Venable Alert: New Audit Procedures for Partnerships Create Potential Entity-Level Liabilities

Venable has issued a client alert noting that new audit procedures impacting partnerships were enacted as part of the Bipartisan Budget Act of 2015, signed by President Obama on November 2, 2015.  The alert begins as follows:

On November 2, 2015, President Obama signed into law the Bipartisan Budget Act of 2015 (the Act). The Act significantly changes how partnerships (including LLCs taxed as partnerships) are audited by the IRS.

Most non-tax lawyers understand the fundamental difference between the tax treatment of partnerships and corporations for U.S. income tax purposes – i.e., partnerships are “flow-through” entities, whereas corporations are subject to an entity-level tax. As a “flow-through” entity, a partnership allocates its income or loss among the partners each year, which is reported directly on the partners’ own tax returns.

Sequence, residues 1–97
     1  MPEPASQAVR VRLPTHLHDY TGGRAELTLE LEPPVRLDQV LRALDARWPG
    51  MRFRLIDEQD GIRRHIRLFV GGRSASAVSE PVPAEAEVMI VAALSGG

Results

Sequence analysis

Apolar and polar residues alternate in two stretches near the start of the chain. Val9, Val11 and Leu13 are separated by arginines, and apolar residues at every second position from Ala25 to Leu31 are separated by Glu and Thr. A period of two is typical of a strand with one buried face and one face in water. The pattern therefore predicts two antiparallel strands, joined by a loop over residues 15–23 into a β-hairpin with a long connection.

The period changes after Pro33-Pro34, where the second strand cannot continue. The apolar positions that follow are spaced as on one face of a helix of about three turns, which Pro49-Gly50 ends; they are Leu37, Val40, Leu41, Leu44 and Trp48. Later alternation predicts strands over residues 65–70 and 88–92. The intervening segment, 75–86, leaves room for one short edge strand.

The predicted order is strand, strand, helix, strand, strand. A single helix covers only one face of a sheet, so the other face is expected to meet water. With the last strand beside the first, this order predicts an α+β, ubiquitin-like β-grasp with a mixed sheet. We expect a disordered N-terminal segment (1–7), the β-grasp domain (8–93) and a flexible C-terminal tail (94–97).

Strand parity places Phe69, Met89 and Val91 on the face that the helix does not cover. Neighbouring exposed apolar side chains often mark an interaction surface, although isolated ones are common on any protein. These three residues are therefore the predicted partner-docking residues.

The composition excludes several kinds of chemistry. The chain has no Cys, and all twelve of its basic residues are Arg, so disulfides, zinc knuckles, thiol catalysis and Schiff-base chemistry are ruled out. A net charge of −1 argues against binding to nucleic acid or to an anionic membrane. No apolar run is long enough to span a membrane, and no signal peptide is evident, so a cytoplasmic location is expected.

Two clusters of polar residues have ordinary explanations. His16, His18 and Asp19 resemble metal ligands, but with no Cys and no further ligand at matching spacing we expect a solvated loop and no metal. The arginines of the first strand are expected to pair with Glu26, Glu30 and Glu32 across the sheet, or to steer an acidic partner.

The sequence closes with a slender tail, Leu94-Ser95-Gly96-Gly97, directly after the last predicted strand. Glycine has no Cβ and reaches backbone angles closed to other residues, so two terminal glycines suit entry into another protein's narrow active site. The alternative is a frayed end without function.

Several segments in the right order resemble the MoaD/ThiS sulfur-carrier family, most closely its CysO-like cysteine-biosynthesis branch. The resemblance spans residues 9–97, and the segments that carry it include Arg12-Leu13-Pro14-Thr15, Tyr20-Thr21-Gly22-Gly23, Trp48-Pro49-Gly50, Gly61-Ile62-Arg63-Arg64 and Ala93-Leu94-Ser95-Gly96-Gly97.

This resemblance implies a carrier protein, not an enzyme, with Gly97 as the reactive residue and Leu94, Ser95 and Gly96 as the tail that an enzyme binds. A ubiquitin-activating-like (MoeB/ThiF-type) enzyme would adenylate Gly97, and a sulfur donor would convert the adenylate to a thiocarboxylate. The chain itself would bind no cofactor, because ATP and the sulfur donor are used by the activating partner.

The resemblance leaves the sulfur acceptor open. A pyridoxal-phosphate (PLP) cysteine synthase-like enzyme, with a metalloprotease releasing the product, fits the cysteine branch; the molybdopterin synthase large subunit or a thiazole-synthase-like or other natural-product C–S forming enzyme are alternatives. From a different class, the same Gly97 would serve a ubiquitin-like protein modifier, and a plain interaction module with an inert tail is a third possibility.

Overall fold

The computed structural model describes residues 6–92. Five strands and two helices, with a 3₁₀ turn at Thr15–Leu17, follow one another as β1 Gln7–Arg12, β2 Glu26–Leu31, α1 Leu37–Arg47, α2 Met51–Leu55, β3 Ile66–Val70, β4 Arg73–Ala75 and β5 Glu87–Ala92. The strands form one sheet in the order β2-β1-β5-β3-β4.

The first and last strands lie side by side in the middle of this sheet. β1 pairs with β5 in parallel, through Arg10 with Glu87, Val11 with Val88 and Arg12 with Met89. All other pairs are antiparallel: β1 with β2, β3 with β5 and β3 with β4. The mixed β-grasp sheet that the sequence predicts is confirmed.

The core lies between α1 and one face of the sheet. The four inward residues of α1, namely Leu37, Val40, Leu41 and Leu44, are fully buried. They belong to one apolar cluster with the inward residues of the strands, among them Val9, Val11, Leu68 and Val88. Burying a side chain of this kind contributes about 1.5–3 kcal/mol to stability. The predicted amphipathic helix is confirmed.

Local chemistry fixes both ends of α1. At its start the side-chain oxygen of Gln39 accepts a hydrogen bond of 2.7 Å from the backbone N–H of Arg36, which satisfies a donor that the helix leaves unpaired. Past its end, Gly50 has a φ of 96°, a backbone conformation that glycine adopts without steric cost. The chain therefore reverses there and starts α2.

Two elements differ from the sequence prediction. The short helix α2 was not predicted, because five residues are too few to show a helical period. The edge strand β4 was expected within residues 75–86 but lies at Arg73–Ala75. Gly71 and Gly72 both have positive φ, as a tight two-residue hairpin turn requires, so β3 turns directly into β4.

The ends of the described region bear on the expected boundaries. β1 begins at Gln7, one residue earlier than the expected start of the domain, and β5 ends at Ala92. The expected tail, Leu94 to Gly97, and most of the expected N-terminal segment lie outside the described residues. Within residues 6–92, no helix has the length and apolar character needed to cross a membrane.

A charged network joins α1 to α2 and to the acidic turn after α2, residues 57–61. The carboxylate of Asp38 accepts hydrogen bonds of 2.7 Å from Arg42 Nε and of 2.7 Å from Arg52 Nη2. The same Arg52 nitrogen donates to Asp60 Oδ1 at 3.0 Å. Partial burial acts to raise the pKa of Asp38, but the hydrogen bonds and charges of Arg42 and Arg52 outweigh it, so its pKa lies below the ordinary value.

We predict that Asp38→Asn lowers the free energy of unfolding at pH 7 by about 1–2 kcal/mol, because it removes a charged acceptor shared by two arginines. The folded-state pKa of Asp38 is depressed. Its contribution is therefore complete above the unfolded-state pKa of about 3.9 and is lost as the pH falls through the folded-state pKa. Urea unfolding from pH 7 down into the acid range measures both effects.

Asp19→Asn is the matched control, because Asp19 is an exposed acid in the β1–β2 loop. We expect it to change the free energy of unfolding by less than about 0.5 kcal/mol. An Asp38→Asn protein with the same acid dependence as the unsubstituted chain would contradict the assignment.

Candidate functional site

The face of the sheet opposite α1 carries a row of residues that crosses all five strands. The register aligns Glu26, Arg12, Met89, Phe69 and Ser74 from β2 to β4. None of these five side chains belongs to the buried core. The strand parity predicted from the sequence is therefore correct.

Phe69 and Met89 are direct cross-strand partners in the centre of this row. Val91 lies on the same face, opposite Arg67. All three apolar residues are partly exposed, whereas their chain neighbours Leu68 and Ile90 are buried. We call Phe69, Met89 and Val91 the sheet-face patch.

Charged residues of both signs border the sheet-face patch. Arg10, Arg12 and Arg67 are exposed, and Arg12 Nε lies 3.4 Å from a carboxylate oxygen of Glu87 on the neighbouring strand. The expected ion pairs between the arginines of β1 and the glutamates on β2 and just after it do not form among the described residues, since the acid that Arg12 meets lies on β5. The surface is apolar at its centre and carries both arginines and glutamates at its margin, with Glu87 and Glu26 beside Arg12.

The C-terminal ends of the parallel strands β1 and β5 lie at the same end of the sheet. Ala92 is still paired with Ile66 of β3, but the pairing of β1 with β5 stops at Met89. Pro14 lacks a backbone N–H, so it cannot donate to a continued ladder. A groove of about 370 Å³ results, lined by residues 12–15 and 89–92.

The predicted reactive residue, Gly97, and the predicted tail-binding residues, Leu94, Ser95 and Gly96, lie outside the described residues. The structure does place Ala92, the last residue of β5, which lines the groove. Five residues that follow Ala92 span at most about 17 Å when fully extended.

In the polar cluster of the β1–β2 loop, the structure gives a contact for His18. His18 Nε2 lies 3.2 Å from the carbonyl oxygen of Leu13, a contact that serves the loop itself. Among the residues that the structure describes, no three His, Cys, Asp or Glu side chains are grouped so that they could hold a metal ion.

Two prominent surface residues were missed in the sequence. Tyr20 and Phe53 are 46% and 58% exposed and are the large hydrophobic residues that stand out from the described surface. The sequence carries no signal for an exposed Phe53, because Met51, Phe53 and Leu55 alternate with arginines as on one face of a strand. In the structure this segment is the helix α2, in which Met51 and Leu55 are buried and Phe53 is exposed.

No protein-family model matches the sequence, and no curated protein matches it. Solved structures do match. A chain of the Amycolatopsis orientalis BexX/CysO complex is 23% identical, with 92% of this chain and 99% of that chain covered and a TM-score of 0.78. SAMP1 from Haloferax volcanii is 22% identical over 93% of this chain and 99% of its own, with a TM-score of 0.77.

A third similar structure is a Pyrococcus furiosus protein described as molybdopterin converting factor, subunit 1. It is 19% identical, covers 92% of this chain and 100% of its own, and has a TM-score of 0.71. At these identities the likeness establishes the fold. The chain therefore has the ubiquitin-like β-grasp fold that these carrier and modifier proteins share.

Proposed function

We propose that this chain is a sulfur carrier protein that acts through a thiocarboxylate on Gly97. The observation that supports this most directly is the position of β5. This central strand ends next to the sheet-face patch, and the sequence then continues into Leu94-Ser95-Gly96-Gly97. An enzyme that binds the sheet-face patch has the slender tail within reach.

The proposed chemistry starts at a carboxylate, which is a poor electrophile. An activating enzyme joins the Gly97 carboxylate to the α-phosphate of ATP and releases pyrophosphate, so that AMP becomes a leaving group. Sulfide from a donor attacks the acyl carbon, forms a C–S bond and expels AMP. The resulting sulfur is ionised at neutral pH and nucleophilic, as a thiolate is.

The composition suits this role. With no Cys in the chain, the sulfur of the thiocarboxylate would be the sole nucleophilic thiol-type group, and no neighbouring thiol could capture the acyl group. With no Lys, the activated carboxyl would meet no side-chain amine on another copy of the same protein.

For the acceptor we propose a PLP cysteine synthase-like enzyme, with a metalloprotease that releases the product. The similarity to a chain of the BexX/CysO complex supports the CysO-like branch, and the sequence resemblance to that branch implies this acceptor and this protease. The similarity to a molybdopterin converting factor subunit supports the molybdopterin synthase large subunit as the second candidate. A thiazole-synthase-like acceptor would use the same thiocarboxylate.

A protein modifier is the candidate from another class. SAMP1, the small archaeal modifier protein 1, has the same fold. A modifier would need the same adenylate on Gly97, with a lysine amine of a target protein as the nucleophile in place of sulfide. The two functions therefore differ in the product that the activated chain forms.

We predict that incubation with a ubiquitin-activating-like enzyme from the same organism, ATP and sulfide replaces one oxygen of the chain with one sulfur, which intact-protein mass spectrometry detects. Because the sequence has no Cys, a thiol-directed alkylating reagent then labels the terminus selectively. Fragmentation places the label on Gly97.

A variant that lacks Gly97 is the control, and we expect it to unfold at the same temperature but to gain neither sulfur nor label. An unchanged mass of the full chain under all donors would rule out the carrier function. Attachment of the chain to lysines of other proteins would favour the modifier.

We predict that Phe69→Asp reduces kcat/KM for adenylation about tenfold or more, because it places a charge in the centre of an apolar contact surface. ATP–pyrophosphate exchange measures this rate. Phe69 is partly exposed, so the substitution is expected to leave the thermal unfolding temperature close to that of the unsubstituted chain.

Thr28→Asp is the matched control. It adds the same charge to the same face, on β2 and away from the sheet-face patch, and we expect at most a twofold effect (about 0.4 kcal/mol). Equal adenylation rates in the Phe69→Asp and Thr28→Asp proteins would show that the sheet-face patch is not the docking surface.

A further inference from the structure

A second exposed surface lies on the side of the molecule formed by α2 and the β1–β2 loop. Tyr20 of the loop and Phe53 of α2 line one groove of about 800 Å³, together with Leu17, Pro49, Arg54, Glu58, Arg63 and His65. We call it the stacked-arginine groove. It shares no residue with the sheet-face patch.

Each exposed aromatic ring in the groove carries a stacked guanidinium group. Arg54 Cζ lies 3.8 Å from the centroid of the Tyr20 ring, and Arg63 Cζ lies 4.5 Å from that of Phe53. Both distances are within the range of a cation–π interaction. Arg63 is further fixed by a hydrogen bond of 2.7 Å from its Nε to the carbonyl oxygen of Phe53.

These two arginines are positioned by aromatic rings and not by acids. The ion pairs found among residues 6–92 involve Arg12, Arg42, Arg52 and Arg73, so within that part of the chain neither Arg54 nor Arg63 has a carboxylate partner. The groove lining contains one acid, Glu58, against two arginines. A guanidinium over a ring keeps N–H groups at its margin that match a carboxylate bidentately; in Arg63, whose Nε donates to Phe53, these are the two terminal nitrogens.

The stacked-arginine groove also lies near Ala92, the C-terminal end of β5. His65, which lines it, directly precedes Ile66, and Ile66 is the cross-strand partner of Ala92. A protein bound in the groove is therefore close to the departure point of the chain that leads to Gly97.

Consistent with this principle, traditionally, if a partnership incorrectly reported its income or loss in a given year, the adjustment would “flow through” to the partners in the same year. These partners would then be liable for any deficiency on their own tax returns as revised to include their share of the flow-through adjustment.

For tax years beginning after December 31, 2017, this will no longer be the case. As a result of changes made to the Internal Revenue Code by the Act, partnerships may now be directly liable for any tax deficiency resulting from an adjustment to partnership items (e.g., income, gain, loss deduction and/or credit). Thus, the current partners in a partnership could bear economic responsibility for improper tax reporting in prior years, even if one or more of such partners was not a partner in the year in which the improper reporting occurred.

This change is designed to make it easier for the IRS to assess and collect taxes against partnerships and is expected to raise $9.3 billion in additional revenue over 10 years.

See full alert at:  New Audit Procedures for Partnerships Create Potential Entity-Level Liabilities.

Posted by Lewis J. Saret, Co-General Editor, Wealth Strategies Journal.

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